introduce healthier foods and methods.

“I’ve seen the shows, and

the church is the common denominator that is always shown in a positive light,”

Willis said. “I had a concern when they first came to town that they were going

to make us look like dumb hillbillies and a bunch of condescending Baptists.

Steve Willis, pastor of First Baptist Church in Kenova, W.Va., and Jamie Oliver, host of ABC’s “Food Revolution,” exchange a key to the city of Huntington during a quest to improve the health of local residents.

“Usually ABC doesn’t

necessarily present Baptist churches in the best light. But they assured me and

there were some likeminded believers on the show that said we were going to be

painted in a positive manner. Sure enough, they have, all through the show,” he


The film crew asked Willis

to preach again his sermon addressing obesity, and part of that is included in

the show.

“Then they show me working

with a family in the church, some visitation I’ve been doing. One of the

families that goes to the church was having some health problems due to dietary

issues and a lack of exercise. Then they start focusing on that family and how

we’re trying to get them healthier,” Willis said.

As the series unfolds on

television, First Baptist Kenova continues to offer exercise programs and

special dinners showing people how to prepare food in more healthy ways in an

attempt to reach out to the community.

“We are just trying to raise

awareness,” Willis said.

The pastor expressed

frustration with fellow Southern Baptist pastors who are reluctant to address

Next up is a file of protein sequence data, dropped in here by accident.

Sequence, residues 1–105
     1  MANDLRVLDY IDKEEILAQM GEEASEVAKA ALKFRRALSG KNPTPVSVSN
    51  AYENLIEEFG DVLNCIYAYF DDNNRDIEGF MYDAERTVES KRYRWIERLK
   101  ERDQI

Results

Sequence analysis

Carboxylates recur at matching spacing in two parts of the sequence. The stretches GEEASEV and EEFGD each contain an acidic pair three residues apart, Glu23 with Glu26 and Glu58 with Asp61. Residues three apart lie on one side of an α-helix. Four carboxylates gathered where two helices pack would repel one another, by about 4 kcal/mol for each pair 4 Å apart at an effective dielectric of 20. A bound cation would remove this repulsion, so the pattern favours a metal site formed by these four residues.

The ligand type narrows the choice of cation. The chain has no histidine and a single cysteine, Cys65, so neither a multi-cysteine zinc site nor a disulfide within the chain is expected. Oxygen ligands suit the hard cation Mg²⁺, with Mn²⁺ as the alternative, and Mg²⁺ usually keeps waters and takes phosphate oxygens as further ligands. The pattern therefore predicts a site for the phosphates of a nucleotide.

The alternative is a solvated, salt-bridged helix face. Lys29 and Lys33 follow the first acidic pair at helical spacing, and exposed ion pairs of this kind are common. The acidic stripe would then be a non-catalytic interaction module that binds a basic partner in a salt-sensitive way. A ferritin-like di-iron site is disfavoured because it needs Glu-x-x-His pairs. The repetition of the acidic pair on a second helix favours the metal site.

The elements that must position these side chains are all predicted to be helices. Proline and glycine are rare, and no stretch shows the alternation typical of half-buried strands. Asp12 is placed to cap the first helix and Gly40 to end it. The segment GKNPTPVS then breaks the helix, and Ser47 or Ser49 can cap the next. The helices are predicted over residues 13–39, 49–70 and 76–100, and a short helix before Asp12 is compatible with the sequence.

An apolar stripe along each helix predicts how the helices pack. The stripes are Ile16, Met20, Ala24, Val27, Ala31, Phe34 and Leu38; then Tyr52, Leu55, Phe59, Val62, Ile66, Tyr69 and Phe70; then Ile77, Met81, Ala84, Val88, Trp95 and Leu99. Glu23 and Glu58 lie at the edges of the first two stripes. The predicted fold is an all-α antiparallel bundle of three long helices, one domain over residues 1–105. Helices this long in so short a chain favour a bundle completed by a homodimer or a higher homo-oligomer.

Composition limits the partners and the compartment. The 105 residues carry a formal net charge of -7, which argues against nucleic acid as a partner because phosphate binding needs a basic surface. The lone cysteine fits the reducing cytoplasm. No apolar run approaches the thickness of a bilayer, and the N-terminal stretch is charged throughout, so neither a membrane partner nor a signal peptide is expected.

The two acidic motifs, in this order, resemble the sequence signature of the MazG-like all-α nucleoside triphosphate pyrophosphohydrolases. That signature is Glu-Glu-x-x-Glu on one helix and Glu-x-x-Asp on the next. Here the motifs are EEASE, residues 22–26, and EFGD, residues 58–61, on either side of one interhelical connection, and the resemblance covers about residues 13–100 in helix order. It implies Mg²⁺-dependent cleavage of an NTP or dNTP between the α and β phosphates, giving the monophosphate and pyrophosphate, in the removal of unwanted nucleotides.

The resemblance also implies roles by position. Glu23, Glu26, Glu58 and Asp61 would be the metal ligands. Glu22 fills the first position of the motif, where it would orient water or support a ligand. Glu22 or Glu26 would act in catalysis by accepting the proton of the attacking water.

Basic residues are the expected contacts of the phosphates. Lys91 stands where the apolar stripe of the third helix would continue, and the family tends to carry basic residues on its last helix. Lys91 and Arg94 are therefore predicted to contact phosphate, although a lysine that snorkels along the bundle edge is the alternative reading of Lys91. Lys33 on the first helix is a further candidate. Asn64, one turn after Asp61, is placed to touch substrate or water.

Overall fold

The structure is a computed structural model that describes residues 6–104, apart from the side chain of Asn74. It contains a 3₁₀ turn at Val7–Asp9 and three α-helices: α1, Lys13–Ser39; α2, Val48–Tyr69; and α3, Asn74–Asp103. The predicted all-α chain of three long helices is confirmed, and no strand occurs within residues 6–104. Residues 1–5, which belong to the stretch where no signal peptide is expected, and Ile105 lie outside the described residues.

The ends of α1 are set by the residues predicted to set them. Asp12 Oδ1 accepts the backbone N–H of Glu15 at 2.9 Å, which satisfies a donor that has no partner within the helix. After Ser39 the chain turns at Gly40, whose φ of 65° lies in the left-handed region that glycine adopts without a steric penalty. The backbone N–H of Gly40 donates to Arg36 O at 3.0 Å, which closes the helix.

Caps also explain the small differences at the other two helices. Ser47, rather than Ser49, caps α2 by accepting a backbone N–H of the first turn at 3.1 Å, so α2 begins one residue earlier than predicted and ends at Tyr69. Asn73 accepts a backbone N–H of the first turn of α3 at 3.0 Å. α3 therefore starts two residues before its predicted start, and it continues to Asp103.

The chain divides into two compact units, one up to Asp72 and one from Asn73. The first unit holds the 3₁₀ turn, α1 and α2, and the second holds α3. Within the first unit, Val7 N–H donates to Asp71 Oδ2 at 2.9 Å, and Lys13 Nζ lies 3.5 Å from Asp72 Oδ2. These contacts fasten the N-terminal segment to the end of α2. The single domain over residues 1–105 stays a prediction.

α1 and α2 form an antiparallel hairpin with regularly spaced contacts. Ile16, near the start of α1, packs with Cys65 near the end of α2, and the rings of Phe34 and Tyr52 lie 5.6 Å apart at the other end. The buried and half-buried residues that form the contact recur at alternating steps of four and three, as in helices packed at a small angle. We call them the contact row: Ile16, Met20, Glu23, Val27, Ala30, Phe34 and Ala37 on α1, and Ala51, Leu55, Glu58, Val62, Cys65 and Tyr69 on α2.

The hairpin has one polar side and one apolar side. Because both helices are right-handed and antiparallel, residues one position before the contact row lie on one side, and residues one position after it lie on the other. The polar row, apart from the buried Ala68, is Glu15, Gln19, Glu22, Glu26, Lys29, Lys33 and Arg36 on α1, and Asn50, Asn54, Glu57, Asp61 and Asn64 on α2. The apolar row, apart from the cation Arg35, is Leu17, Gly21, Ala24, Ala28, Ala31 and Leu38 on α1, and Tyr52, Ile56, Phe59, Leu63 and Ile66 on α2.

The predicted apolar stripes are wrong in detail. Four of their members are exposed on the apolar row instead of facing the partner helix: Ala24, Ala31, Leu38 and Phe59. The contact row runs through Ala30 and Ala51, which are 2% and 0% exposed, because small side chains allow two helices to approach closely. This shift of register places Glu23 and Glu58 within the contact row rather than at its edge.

one of the nation’s fastest-growing problems.

“We’ll jump on every

bandwagon and talk about drinking ourselves to death and smoking ourselves to

death, and we’ll talk about the institution of marriage, and I agree we need to

address those things,” he said. “But more people are dying and more families

are being disrupted because of eating disorders — gluttony included — than

these other issues. More people are dying due to complications from obesity

than alcohol and tobacco use combined.

“Why isn’t the church at the

forefront of this? It’s frustrating to me that nobody wants to talk about this,”

Willis said.

The secular media has

pummeled him with requests to talk about the issue and the week of the series

premier Willis was in New York to promote the show. But he hadn’t gotten much

response from fellow Christians, he said.

“God wants us to take care

of our bodies,” Willis said. “As pastors, especially in Baptist churches,

people see us as hypocrites when we address smoking and alcohol abuse but we

don’t address issues concerning gluttony. There are a lot of people in our

congregations that are severely overweight, but we don’t address it nearly as

much as the other issues. And it’s killing us. It literally is killing our


Though it’s a difficult

topic to address, Willis urged pastors to pick up the mantle anyway.

“What we struggled with here

… is you have to say it with grace and people have to know that you love them

when you say it,” he said. “There’s nobody out there that’s obese who doesn’t

already beat themselves up over it. They need to be encouraged. They don’t need

to be condemned.

“Consequently, I had to get

with some leaders in our church and some people who knew something about

physical fitness, and it was a godsend with Jamie Oliver coming. I didn’t know

anything about nutrition, and nobody here at the church really did either. But

we had to give people nutrition lessons and let them see what fatty foods were

doing to them. We had to start exercise programs down here at the church,”

Willis said.

“Those are the two big things:

raise nutritional awareness and provide exercise opportunities. But it has to

come from the pulpit.

“Romans 12:1 says, ‘Therefore

I urge you to present your bodies as living sacrifices.’ When we don’t control

our eating habits, we’re not presenting our body as a sacrifice. We’re more

like what Paul said in Philippians where our god is our stomach.”

(EDITOR’S NOTE — Roach is a staff writer for

Baptist Press.)